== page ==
Standing in the Cold by Nasrin Mahoutchi-Hosaini 

Isaac Wilcox, Administration and Digital Services Officer

Nasrin Mahoutchi-Hosaini Standing in the Cold

I’ve recently read a short story by Nasrin Mahoutchi-Hosaini called Standing in the Cold.

It’s about – let’s call spoilers here just in case. The story follows Mr Razi, an elderly Iranian gent living in a sleepy neighbourhood. He meets some of his neighbours and weirdness ensues. I say weirdness but oddness would be a better word because oddness pervades the writing, creating a great sense of something just on the edge of vision.

I love this story. It wraps you up, the writing making the world both familiar but also hauntingly unknown. It’s exciting and quite spine tingling. So, it’s a ghost story? I’m hesitant to call it a ghost story because, well, I’m not sure. Part of that elusiveness is what makes it so mesmerising.  

Some of what Mahoutchi-Hosaini deals with is that unsurety of mind. As a migrant writer she recognises that space and works with it, allowing and recognising the way we live within our own heads, and how the world around us can be quite alien to that. She often writes from the perspective of the everyday, sometimes with the sharp staccato of revulsion, or like here, the eerie silent pervasiveness. Not that the writing is bland, far from it, her characters are rich with life. Colours and smells are picked out with a deliberate and painterly hand. It’s just a pleasure to read. She’s recently published a collection of short stories of the same name and is someone to watch out for and cherish.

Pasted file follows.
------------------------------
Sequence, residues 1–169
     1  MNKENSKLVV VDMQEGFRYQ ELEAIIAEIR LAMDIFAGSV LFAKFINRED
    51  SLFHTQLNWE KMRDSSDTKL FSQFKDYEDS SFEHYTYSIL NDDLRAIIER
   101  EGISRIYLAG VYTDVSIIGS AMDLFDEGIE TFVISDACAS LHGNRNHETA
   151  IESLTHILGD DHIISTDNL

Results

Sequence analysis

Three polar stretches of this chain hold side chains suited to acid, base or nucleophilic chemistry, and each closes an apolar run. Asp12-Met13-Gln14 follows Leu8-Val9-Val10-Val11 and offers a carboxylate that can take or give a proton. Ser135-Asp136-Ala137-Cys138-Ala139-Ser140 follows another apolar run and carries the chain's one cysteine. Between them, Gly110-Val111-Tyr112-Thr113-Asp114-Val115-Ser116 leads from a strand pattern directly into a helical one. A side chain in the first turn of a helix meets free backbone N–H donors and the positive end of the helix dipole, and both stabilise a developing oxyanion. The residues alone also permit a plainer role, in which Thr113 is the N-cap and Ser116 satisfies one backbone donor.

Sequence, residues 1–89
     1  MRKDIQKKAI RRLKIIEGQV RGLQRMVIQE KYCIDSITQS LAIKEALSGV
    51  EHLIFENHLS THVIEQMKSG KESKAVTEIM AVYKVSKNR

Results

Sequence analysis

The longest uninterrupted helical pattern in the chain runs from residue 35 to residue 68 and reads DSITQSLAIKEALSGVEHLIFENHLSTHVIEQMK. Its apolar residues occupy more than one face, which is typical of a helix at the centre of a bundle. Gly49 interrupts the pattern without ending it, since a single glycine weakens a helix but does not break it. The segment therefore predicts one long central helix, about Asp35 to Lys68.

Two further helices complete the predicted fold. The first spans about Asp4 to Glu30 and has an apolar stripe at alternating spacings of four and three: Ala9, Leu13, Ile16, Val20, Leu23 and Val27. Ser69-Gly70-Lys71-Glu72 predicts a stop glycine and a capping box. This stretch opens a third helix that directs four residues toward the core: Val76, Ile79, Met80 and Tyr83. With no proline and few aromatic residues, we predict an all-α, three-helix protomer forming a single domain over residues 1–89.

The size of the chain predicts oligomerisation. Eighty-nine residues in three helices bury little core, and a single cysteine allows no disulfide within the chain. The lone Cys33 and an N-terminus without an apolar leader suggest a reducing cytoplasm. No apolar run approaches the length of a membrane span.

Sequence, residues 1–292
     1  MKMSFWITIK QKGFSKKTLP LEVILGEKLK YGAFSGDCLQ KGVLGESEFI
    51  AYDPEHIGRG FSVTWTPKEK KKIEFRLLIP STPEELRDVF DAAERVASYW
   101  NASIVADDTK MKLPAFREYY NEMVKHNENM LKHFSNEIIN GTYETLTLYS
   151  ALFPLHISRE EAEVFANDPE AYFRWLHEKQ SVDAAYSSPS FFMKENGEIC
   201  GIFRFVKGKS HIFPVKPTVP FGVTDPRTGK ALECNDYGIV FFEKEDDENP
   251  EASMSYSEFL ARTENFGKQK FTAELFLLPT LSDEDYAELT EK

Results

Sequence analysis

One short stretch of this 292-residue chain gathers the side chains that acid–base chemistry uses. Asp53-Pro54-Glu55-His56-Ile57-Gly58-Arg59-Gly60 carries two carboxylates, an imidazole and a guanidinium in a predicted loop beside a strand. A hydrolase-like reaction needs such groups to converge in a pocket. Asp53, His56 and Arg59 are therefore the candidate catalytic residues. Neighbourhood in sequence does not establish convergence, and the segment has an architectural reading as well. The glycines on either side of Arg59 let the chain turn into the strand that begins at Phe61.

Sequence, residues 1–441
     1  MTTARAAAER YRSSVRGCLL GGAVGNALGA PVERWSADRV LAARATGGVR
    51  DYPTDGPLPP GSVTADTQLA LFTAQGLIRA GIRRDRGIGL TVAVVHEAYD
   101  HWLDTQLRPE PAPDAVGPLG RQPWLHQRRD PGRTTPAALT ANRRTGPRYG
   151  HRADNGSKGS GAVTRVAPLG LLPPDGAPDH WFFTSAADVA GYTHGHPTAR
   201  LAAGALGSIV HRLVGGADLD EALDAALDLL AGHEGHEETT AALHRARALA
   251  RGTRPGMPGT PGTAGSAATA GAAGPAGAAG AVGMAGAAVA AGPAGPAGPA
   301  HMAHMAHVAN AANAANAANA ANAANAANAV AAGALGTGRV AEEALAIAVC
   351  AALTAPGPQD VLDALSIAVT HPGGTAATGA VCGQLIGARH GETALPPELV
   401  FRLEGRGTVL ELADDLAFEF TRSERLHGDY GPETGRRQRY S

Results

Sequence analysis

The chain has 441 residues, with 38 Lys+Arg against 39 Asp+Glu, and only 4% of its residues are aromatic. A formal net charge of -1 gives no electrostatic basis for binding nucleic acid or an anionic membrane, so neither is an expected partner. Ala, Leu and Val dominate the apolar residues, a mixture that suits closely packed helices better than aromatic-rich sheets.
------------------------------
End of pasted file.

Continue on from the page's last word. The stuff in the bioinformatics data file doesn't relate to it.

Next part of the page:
Standing in the Cold, Ginninderra Press

We Run Tomorrow by Nat Amoore and Mike Barry

Keira Baker, Project and Communications Officer

we run tomorrow nat amoore what we're reading

Nat Amoore’s latest book is part roadtrip adventure, part superhero quest, cleverly interspersed with pages of Mike Barry’s graphic novel-style illustrations.

Sticks, Maki, Jed and Tommy live on the same street. When the adults around them begin to make decisions that threaten tear the friends apart, there’s only one thing they can do – go on the run.

Things aren’t perfect on Lockett street. Stick’s parents are too busy worrying about her older brother, and Maki has to move all the time because of his dad’s work. Jed’s got a prosthetic arm and is stifled by his overprotective parents. Tommy lives with his ageing grandma. After tragedy strikes, the friends discover their favourite comic book series, ‘The Screensavers,’ is being made into a movie, and decide to run away to the Gold Coast to audition.

It’s at this point that Mike Barry’s illustrations take reigns of the story. ‘The Screensavers’ comic cleverly parallels the lives of Sticks, Maki, Jed and Tommy – with each of the friends taking on a heroes’ persona.

We Run Tomorrow will appeal to inner superhero nerds but also provides a really well-handled portrayal of some more serious themes like grief, disability and domestic violence. It’s character-driven and a really beautiful depiction of the four kids’ friendship. I was especially drawn to the protagonist, Sticks, a gritty kid who’s always getting into fights and sticking up for her friends. It’s not revealed until the end of the book that Sticks is a girl. (I’m intrigued to pass this on to my 13-year old brother, who HATES books about girls, as an experiment.)

We Run Tomorrow, Penguin